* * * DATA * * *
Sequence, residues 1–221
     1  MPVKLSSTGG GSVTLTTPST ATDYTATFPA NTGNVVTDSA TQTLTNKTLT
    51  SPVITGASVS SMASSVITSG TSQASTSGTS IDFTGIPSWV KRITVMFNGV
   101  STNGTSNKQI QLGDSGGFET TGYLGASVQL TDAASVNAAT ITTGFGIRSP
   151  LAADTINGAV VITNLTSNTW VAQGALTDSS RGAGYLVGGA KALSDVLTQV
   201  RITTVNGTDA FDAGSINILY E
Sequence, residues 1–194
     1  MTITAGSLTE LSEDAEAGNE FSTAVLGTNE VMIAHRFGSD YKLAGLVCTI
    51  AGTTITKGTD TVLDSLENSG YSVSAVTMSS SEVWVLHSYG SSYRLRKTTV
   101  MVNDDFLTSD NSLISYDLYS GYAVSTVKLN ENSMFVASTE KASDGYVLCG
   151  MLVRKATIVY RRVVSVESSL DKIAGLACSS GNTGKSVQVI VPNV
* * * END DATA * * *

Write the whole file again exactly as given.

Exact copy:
Sequence, residues 1–221
     1  MPVKLSSTGG GSVTLTTPST ATDYTATFPA NTGNVVTDSA TQTLTNKTLT
    51  SPVITGASVS SMASSVITSG TSQASTSGTS IDFTGIPSWV KRITVMFNGV
   101  STNGTSNKQI QLGDSGGFET TGYLGASVQL TDAASVNAAT ITTGFGIRSP
   151  LAADTINGAV VITNLTSNTW VAQGALTDSS RGAGYLVGGA KALSDVLTQV
   201  RITTVNGTDA FDAGSINILY E
Sequence, residues 1–194
     1  MTITAGSLTE LSEDAEAGNE FSTAVLGTNE VMIAHRFGSD YKLAGLVCTI
    51  AGTTITKGTD TVLDSLENSG YSVSAVTMSS SEVWVLHSYG SSYRLRKTTV
   101  MVNDDFLTSD NSLISYDLYS GYAVSTVKLN ENSMFVASTE KASDGYVLCG
   151  MLVRKATIVY RRVVSVESSL DKIAGLACSS GNTGKSVQVI VPNV